14:00 - 14:30 : Climate change challenges for the St. Lawrence port industry


Presented by:

Claude Comtois (CIRRELT)



14:30 - 15:00 : Developing International Standards for Arctic and Cold Climate Operations of the Oil and Gas Industry


Presented by:

William A. Adams (RESTCo)


Ports such as Sept-Îles play an increasingly important role supporting industrial developments in the Arctic and near-Arctic regions. International standards can play an important role in helping to ensure that these activities take place with minimal environmental and health impacts.
This presentation will give a flavour of what standards work has been on-going with regard to the oil and gas industry under the International Standards Organization from a Canadian perspective. It is critical that the oil & gas community develop a social license in the Arctic as they have been able to do in other southern locations. This largely relates to the fact that the Arctic and northern cold climate region environments are especially sensitive to human disturbance and also that the people inhabiting the North are strongly tied to the land in respect of their culture and livelihoods. If an oil spill were to occur in the Arctic, for example, this would have a much more severe and pronounced consequence on the environment and the people in the North than compared to the South.
Standards have a built-in change process that is easier to update than regulations. This will be even more valuable in the Arctic context given the changes that are expected to occur in the Arctic with respect to changing climatic and environmental conditions, changes in the accessibility of northern resources, and the likely subsequent increase in resource development activity. The development process also provides industry participants and interests with a decision-making role in respect of the ultimate content of the standards, thereby effectively giving industry a voice in terms of instruments that can be referenced by regulation.



15:00 - 15:30 : Coffee break / Exhibits



15:30 - 16:00 : Protective coatings to prevent ice build-up on steel port structures


Presented by:

Gelareh Momen (CENGIVRE - UQAC)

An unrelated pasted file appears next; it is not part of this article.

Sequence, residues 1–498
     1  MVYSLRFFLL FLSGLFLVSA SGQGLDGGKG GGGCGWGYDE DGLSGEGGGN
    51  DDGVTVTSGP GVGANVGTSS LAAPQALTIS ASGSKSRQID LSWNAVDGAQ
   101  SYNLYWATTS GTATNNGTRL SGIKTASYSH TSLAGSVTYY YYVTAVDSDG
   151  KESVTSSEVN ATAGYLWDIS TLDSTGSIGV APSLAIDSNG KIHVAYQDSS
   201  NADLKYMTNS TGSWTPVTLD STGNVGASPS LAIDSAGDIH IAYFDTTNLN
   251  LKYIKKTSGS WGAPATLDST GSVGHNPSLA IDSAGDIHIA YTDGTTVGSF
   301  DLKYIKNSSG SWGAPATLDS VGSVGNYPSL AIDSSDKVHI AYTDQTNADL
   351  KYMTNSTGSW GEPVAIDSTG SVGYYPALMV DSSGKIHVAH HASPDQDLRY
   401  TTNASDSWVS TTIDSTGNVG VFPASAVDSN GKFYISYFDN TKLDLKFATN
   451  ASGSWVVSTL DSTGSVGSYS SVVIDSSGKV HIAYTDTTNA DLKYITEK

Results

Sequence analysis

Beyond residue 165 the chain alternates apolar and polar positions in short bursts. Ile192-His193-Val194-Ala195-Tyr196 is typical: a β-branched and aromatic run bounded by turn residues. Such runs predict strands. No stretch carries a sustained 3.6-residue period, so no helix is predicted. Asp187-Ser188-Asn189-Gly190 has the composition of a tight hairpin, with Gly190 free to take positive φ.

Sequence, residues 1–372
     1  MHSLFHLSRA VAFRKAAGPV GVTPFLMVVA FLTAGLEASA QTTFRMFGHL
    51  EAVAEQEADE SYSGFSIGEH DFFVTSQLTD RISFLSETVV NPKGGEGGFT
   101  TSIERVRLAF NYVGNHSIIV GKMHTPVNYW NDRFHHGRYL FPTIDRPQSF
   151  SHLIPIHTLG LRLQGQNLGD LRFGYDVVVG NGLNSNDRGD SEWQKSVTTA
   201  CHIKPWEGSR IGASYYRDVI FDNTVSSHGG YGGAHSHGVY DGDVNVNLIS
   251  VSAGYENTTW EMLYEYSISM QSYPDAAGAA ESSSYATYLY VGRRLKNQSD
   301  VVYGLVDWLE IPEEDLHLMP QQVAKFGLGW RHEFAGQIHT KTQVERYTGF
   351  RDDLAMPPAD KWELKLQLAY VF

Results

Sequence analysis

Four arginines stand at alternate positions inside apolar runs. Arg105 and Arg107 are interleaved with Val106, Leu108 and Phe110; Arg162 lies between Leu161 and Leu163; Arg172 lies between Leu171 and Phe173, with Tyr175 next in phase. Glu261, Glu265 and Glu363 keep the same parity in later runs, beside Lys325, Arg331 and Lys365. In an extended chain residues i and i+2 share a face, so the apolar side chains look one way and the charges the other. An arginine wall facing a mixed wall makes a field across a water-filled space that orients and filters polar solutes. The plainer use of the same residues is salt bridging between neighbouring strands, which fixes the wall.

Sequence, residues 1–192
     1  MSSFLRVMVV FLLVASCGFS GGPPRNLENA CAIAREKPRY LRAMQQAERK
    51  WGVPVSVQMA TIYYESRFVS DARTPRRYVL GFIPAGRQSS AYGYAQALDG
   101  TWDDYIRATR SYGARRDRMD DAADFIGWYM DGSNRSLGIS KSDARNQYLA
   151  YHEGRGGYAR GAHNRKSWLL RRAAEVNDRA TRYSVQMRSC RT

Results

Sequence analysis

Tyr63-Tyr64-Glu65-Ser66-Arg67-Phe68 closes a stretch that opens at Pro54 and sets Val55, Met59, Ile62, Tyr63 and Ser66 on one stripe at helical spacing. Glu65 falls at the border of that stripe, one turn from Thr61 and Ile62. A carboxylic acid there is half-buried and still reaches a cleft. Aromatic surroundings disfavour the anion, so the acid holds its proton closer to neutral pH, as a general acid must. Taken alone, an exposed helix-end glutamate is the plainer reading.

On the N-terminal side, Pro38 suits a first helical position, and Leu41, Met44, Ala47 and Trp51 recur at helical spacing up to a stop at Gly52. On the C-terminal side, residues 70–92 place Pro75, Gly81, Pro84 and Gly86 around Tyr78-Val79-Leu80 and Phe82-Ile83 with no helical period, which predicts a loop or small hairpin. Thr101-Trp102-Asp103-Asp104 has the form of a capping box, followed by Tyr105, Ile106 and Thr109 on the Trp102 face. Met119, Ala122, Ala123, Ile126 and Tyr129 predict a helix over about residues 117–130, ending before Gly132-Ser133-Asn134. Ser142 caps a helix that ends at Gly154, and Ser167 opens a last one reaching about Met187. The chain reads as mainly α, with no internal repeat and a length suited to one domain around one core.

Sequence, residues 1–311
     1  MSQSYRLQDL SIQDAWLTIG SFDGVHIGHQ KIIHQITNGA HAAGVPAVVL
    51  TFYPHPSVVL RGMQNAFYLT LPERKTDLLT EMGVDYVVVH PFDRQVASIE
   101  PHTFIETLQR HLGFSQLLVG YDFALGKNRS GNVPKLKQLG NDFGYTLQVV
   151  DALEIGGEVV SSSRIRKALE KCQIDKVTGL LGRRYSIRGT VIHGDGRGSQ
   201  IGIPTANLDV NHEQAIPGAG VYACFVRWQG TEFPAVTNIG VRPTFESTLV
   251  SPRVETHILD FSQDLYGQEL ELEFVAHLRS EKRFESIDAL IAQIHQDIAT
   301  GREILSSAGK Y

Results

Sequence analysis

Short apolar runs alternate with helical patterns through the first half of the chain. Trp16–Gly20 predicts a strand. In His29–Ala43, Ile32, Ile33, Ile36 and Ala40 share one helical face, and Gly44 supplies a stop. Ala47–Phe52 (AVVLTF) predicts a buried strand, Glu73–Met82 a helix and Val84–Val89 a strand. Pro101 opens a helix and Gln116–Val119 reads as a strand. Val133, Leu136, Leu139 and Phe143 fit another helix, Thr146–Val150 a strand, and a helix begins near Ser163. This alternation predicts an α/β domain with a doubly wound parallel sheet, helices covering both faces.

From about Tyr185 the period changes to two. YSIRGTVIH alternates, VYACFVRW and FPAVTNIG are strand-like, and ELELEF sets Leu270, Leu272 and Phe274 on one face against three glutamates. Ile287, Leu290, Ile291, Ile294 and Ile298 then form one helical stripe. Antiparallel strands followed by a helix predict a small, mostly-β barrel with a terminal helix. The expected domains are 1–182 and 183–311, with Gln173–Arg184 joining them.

Gelareh Momen (CENGIVRE - UQAC), R. Jafari (CENGIVRE), I. Fofana (CENGIVRE), J. Carrière (INREST)

Currently, winds and tides are the main parameters that are taken into consideration in port infrastructure design. However, a series of factors, including ice and snow, also have a considerable effect on these infrastructures. Ice build-up on ships and other steel equipment is responsible for the degradation of port infrastructures that are in permanent contact with water. Thus, finding a solution to protect these materials has generated a wave of research studies in this field, hence the technical relevance of this project. Several de-icing methods were used in this study. In particular, electro-thermal and chemical methods, which had been abandoned due to their high implementation costs, short lifespan, and ensuing environmental impacts. ?Another major problem that these infrastructures often face is corrosion. This phenomenon leads to a modification in the materials, especially in their functional properties. In order to limit degradation of materials due to corrosion and ice build-up, an interesting solution would be to develop and apply superhydrophobic and ice-phobic coatings to exposed equipment, that would both prevent ice adherence and material corrosion. A superhydrophobic surface is a surface that has a contact angle with water of at least 150°. These syperhydrophobic films also increase steel alloys’ resistance to corrosion. Syperhydrophobic coatings are a promising technology in order to increase metal anti-corrosion performance, as it considerably decreases a surface’s contact with water, and environmental humidity. The aim of this project - a collaboration between UQAC and INREST - is to develop an ice-phobic and anti-corrosive coating that can preserve and reduce damage to port infrastructures. This presentation will focus on the first steps of this research.



16:00 - 16:30 : Removing Persistent Plastic Pollution from Open Water


Presented by: 

Darryl McMahon (RESTCo)

Plastic is amazing. It is cheap, durable, formable, strong. It comes in a variety of basic types, colours, and we use a lot of it. Allowed to escape into wild waters, it plays havoc with marine life, especially at and near the water surface. Decades of effort to stem the flow of plastic pollution into wild waters have been largely ineffective. While there is now renewed interest in reducing plastic waste volumes, we also need to remove the plastic pollution already in the water and prevent more from getting there, especially microplastics. RESTCo is examining and refining technologies to do this in a cost-effective manner.



18:00 - 22:00 : Recognition Gala Dinner


A recognition Gala with banquet will be held during the conference, in order to honour the award winners from businesses and organisations, in recognition of their support of scientific research in industrial port areas, as well as ecosystem conservation. Dress code: formal. 


Location : Carrefour de la Baie
Price: $90